The TQP grant program is the only federal initiative dedicated to strengthening and transforming educator preparation at institutions of higher education (IHEs). To be an eligible grant recipient, the IHE must offer a baccalaureate or graduate program in education, and collaborate with PK-12 partners. Other requirements include the IHE’s educator preparation program and college of arts and sciences work in partnership with a high-need school or schools in a local, high-need district. This helps prepare teacher candidates to teach in high-need fields by providing practical experience in these schools during their training. The innovative partnerships between IHEs and PK-12 schools transform educator preparation programs as well as provide benefits to teachers in the classroom.
On Thursday, September 13, 2018, a spending deal was reached on both the Department of Defense and the Labor, Health and Human Services, Education and Related Agencies (labor-H) spending bills. These two bills were combined into one bill by the U.S. Senate and sent to the U.S. House of Representatives.
The two bodies then went into conference on the package, and a deal was reached. The next steps are to pass the agreement, known as a conference report, before the end of the fiscal year (September 30, 2018).
In case you missed it in State Directions, AACTE’s state-focused monthly e-newsletter, the ACSR Executive Committee created two new ad-hoc committees in response to participants’ feedback at the 2018 State Leaders Institute during AACTE’s Washington Week in June.
The two ad-hoc committees will focus on:
AACTE has an active network of state chapters across the country, and would like to help promote what’s happening in your local chapter through its communication channels. Is your state chapter providing activities to share best practices, engage on solutions to challenges, or advance professional skills? If yes, then please share your event details with AACTE!
Whether your state chapter convening varies from monthly meetings to large conferences in the spring and fall, AACTE would like to promote your event details on the state chapter and events pages of its website. If you are a state chapter leader, please take a moment to complete a short online form for each chapter meeting and conference that will take place during the 2018-19 academic year.
The AACTE Advisory Council of State Representatives (ACSR) seeks nominations by October 12 of state chapter leaders to run in an election for the ACSR Executive Committee. The positions open for election are the West Region representative, Northeast Region representative, and ACSR chair-elect, all to take office in March 2019.
Terms and Roles
I am thrilled to announce that AACTE’s contact lists for state policy makers in each state and the District of Columbia have been updated and posted in the AACTE Resource Library (accessible to AACTE members only!). In addition, links to these lists can be found on the AACTE Advocacy Center’s State Advocacy page and on AACTE’s State Policy and Legislation page.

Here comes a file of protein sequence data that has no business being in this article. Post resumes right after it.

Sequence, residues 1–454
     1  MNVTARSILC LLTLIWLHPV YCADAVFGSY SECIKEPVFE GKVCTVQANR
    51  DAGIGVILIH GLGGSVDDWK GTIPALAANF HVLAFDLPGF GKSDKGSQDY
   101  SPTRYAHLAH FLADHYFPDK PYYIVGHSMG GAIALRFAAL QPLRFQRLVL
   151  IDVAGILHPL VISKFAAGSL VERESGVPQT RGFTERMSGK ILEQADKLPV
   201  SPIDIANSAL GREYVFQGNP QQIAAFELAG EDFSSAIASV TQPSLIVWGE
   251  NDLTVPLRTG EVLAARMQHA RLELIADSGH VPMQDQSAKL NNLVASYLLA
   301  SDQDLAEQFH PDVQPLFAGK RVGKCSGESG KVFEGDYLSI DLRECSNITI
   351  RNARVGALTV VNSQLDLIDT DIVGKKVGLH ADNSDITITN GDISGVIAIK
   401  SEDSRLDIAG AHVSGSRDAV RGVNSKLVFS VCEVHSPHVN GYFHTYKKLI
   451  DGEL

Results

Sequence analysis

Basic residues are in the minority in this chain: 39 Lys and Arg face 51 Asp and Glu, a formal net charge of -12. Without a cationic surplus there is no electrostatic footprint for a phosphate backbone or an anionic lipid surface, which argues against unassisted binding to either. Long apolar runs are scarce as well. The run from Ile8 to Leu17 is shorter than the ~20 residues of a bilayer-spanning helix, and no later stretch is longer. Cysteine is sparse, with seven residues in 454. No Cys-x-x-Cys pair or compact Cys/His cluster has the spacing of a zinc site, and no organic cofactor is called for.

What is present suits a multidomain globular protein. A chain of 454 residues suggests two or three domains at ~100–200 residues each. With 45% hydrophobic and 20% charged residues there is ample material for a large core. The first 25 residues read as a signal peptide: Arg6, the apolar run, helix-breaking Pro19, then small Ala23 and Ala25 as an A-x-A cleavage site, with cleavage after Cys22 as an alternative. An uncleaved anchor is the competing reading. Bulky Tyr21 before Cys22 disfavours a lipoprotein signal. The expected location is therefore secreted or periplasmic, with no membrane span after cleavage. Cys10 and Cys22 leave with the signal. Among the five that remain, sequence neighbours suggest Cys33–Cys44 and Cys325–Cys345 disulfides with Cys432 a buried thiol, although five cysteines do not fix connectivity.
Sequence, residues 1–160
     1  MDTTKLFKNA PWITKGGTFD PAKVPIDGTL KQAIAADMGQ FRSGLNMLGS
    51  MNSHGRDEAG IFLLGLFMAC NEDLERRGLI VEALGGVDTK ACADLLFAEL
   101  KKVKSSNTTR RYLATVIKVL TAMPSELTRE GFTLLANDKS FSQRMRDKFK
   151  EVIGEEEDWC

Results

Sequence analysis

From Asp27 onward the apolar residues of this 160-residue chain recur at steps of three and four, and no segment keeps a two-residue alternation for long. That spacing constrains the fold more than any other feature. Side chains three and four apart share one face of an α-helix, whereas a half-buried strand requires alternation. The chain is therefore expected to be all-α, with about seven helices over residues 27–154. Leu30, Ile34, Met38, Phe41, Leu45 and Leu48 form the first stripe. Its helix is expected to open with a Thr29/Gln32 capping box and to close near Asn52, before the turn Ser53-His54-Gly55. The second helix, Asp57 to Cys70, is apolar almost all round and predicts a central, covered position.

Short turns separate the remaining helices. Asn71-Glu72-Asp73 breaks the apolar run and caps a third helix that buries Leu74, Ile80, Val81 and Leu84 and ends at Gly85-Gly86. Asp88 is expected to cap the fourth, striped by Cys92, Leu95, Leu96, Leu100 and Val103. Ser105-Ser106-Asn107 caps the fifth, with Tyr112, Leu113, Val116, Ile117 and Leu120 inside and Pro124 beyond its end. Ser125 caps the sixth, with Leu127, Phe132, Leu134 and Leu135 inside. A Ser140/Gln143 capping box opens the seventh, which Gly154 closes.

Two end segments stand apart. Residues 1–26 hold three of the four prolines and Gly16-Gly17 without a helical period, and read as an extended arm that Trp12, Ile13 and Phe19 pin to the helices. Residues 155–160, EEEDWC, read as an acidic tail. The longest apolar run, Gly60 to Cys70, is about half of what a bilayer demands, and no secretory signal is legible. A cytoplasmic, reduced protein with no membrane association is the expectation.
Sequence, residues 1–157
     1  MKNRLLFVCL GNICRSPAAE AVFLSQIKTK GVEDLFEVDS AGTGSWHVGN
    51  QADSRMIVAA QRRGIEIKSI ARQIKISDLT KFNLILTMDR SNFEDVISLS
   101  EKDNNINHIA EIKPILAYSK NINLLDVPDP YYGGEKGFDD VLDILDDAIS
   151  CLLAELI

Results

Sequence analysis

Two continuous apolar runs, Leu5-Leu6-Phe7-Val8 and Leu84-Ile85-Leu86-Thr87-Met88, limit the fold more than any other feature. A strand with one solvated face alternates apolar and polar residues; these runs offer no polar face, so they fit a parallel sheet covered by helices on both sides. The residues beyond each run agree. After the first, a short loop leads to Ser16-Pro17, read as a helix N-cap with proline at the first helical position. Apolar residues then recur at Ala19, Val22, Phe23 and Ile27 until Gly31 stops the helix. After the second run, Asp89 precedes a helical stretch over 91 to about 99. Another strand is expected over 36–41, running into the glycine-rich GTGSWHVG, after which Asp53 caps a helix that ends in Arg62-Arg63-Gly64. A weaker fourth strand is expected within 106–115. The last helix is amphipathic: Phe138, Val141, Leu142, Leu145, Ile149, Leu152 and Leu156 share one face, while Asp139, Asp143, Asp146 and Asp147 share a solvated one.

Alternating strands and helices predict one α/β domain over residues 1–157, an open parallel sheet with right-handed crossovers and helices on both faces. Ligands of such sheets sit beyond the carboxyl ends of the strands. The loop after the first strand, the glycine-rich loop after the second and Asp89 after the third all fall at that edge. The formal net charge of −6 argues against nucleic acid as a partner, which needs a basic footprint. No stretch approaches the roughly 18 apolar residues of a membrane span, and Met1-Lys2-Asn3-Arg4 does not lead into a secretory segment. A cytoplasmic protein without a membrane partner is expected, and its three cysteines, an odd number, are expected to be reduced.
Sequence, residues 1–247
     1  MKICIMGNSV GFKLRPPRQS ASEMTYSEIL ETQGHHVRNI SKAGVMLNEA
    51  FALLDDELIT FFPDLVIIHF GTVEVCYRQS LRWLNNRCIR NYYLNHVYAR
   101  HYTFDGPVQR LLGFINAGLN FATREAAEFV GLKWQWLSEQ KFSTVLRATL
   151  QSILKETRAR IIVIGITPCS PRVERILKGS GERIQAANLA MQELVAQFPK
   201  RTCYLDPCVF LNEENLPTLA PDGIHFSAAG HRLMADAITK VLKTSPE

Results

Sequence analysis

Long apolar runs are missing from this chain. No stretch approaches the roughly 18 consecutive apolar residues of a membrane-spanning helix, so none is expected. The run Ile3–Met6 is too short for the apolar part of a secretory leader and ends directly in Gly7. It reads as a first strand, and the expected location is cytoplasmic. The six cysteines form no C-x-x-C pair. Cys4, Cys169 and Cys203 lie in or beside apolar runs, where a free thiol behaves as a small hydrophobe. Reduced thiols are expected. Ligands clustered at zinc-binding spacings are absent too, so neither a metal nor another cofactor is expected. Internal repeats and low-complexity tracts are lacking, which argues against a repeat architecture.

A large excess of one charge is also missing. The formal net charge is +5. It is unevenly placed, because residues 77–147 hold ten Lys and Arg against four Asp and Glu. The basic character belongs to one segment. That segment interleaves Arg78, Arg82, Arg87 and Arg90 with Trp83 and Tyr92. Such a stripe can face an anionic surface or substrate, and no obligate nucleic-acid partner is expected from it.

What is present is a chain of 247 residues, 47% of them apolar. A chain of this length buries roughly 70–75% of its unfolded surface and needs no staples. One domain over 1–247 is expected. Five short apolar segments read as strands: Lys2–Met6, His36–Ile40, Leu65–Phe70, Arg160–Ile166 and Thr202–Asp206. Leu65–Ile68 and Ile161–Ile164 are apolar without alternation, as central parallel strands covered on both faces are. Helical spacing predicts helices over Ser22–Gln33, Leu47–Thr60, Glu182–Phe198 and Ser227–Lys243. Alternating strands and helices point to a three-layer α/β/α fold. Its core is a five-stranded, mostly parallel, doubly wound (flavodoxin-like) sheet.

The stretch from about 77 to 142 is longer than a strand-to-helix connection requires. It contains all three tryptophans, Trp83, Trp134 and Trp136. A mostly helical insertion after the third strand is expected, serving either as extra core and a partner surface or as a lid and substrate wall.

These documents are an AACTE member benefit to support you in your state-level advocacy work. Use them to find key state policy makers–for example, legislators for authorizing and appropriating education funds, state department of education contacts, and even your governor’s education staffer.
Just a quick reminder to AACTE state chapters across the country: Friday, July 27, is the application deadline for the 2018-19 AACTE State Chapter Support Grants.
This year, a total of $40,000 is available for state chapter activities, and $10,000 is available to support chapter capacity and development, as described in the request for proposals.
As the focus of Congress turns toward accumulating “wins” for members to use to get re-elected, the appropriations process has taken an unexpected turn – work is getting done.
As I have shared with AACTE members in recent Federal Update webinars, Senator Richard Shelby (R-AL, chair of appropriations in the U.S. Senate) and Representative Rodney Frelinghuysen (R-NJ, chair of appropriations in the U.S. House of Representatives) committed to seeing the appropriations process return to “normal” this year–and that commitment is coming to fruition. By the end of June, the Senate had moved all 12 appropriations bills through subcommittee and full committee, and the House is on track to do so by the August recess.
On June 22, the U.S. House of Representatives Appropriations Subcommittee on Labor, Health and Human Services, Education, and Related Agencies (Labor-H) moved its Fiscal Year 2019 bill through markup. Despite the FY19 increase of $18 billion for nondefense discretionary funds from the deal made earlier this year, the House FY19 Labor-H bill received no additional funds (the Labor-H bill contains about 32% of the nondefense discretionary funds found across all federal agencies).
Given this challenge, it was a pleasant surprise to see that the programs that AACTE advocates for receive level funding or a small increase:
On June 6, while AACTE members and partners were on Capitol Hill advocating for educator preparation as part of AACTE’s Day on the Hill, Association President/CEO Lynn M. Gangone was testifying before the Federal School Safety Commission at a listening session at the U.S. Department of Education.
The Commission, tasked with quickly providing meaningful and actionable recommendations to keep students safe at school and headed by Education Secretary Betsy DeVos, is composed of the leadership of the U.S. Department of Education, the U.S. Department of Justice, the U.S. Department of Health and Human Services, and the U.S. Department of Homeland Security. Last week’s meeting was the fourth since the Commission’s inception in March of this year and the first public listening session.